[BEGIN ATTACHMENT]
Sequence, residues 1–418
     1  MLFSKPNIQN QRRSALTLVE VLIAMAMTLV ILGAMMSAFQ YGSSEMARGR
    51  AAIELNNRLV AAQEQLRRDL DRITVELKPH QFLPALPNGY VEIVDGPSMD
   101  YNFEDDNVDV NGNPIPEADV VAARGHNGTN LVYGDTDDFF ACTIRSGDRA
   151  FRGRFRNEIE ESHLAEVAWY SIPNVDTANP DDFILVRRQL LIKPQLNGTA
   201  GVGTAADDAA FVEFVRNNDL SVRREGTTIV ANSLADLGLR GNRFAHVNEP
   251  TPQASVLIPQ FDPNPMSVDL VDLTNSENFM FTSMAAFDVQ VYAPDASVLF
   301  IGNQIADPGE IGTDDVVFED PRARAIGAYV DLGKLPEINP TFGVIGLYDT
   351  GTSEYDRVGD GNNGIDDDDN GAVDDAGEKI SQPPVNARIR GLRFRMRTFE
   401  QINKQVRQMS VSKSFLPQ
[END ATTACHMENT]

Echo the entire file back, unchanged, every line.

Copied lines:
Sequence, residues 1–418
     1  MLFSKPNIQN QRRSALTLVE VLIAMAMTLV ILGAMMSAFQ YGSSEMARGR
    51  AAIELNNRLV AAQEQLRRDL DRITVELKPH QFLPALPNGY VEIVDGPSMD
   101  YNFEDDNVDV NGNPIPEADV VAARGHNGTN LVYGDTDDFF ACTIRSGDRA
   151  FRGRFRNEIE ESHLAEVAWY SIPNVDTANP DDFILVRRQL LIKPQLNGTA
   201  GVGTAADDAA FVEFVRNNDL SVRREGTTIV ANSLADLGLR GNRFAHVNEP
   251  TPQASVLIPQ FDPNPMSVDL VDLTNSENFM FTSMAAFDVQ VYAPDASVLF
   301  IGNQIADPGE IGTDDVVFED PRARAIGAYV DLGKLPEINP TFGVIGLYDT
   351  GTSEYDRVGD GNNGIDDDDN GAVDDAGEKI SQPPVNARIR GLRFRMRTFE
   401  QINKQVRQMS VSKSFLPQ